Prolonged Fasting (48 hours or longer)
After the glycogen stores are depleted, the body enters a state called ketosis. In this state, the body primarily utilises stored fat as an energy source. During prolonged fasting, there may be some reduction in the production of certain enzymes related to carbohydrate digestion and metabolism. This is because the body's energy requirements and metabolic processes adapt to the absence of dietary carbohydrates.
Fasting for five days or longer
When you stop eating, and all you have is water for five days straight, your need to re-introduce food slowly to prevent dangerous shifts in fluids, electrolytes and insulin, which can result in the so-called re-feeding syndrome. You should do this type of fasting under medical supervision and adhere to a re-feeding protocol after the fast.
While consuming carbohydrates after a short fast is OK, it is recommended to avoid starches when breaking a prolonged fast. Regardless of the fast length, consuming protein as your first meal has many potential benefits, such as:
Protein is known for promoting satiety and reducing feelings of hunger. Including protein in your first meal after a fast can help you feel fuller for longer, preventing excessive overeating or snacking later on.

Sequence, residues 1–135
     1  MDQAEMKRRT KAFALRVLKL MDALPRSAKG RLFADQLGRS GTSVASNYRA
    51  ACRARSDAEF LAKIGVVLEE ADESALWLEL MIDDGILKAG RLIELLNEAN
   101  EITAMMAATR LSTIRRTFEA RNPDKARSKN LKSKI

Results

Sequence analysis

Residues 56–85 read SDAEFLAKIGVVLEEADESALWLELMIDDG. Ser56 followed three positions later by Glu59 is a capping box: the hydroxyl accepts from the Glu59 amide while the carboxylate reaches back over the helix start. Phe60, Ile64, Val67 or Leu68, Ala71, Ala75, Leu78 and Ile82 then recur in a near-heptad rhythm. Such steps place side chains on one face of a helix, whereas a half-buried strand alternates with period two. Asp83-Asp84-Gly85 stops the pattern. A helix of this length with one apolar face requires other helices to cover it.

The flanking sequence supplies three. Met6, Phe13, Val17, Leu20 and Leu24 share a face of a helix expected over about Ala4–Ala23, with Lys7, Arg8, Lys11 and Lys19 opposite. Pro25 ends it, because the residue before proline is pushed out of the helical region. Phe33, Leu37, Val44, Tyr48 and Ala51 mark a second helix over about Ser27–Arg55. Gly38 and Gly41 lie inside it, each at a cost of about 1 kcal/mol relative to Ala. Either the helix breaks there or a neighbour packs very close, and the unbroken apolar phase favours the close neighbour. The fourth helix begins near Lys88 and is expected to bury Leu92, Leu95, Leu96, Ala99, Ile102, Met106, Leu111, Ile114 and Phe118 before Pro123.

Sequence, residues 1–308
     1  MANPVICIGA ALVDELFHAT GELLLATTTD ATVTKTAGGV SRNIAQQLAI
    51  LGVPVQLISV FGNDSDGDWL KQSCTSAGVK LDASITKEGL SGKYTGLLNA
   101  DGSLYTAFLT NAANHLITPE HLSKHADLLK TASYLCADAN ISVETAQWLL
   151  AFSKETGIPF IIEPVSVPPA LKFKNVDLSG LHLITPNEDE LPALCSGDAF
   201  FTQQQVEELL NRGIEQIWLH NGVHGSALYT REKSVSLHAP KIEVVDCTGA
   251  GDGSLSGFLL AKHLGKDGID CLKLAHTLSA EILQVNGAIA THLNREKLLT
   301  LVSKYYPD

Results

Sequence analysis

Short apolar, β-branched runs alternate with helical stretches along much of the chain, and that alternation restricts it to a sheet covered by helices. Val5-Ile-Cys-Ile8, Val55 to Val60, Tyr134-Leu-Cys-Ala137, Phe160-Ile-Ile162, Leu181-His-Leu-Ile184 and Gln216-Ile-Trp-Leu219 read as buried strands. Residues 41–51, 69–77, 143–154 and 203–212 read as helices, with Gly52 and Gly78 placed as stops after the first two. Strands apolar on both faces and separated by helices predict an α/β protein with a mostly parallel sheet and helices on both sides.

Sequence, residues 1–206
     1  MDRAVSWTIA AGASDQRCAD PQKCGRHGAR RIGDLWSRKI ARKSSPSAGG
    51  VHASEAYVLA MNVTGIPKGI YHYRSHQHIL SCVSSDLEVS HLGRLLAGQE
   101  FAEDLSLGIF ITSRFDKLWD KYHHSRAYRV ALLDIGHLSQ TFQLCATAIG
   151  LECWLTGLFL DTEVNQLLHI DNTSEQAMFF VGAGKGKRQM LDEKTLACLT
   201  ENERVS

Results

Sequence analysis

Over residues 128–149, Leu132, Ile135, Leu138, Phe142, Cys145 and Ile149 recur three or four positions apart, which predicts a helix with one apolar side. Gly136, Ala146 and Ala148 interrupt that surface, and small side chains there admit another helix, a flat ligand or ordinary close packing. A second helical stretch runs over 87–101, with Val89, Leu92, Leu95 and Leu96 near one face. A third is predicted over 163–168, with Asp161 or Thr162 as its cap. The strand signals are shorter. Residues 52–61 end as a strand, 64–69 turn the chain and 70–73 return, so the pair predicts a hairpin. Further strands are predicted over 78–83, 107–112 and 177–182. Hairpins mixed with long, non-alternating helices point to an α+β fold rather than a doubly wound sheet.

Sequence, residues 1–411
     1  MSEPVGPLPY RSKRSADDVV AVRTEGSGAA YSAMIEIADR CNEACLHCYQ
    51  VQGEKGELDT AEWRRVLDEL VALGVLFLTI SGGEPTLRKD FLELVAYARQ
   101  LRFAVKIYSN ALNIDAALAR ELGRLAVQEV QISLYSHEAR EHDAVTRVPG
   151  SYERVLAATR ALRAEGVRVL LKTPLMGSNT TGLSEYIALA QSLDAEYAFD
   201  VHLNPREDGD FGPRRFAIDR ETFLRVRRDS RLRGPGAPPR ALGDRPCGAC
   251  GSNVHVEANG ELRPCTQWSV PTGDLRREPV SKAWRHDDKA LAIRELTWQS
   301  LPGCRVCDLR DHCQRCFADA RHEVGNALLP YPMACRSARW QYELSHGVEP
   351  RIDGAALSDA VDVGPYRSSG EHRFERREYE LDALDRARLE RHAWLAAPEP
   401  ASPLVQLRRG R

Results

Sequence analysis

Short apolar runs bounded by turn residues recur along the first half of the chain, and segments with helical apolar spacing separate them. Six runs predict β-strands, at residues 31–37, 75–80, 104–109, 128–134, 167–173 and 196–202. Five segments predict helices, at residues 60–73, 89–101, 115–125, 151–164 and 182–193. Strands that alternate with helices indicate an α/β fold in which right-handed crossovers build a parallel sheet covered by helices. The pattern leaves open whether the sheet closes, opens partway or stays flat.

Muscle Repair and Maintenance
During a fast, your body may break down muscle protein to use as an energy source. Consuming protein after fasting can help replenish and repair muscle tissue. This is particularly important for regular physical activity or strength training.
Protein is an essential macronutrient that provides the building blocks for various bodily functions. Consuming protein as part of your first meal after fasting helps ensure a balanced intake of nutrients.
The thermic effect of food (TEF) refers to the energy expended during digestion and metabolism. Protein has a higher TEF than carbohydrates and fats, requiring more energy to digest and metabolise. Including protein in your first meal after fasting can slightly increase your metabolic rate during digestion.
- Hydration is your number one concern during and after the fast. Keep sipping filtered water throughout the day, and add a pinch of pink salt to get the water to your tissues.
- Avoid any calories during the fast, even the liquid ones. Water with half of a fresh lemon can snap you out of the fasted state too!
- Break the fast with a small nutritious snack containing good-quality protein. Our Beef Bars are a perfect break-fast meal.
- Seek medical advice and follow a re-feeding protocol if you want to fast for five days or longer.
SCIENCE OF FASTING:
- Fredericks R. Fasting: an exceptional human experience. San Jose: All Things Published Well; 2013.
- Furhman J. Fasting and eating for health: a medical doctor's program for conquering disease. New York: St. Martin's Griffin; 1995.
- Golbidi, S., Daiber, A., Korac, B. et al. Health Benefits of Fasting and Caloric Restriction. Curr Diab Rep 17, 123 (2017).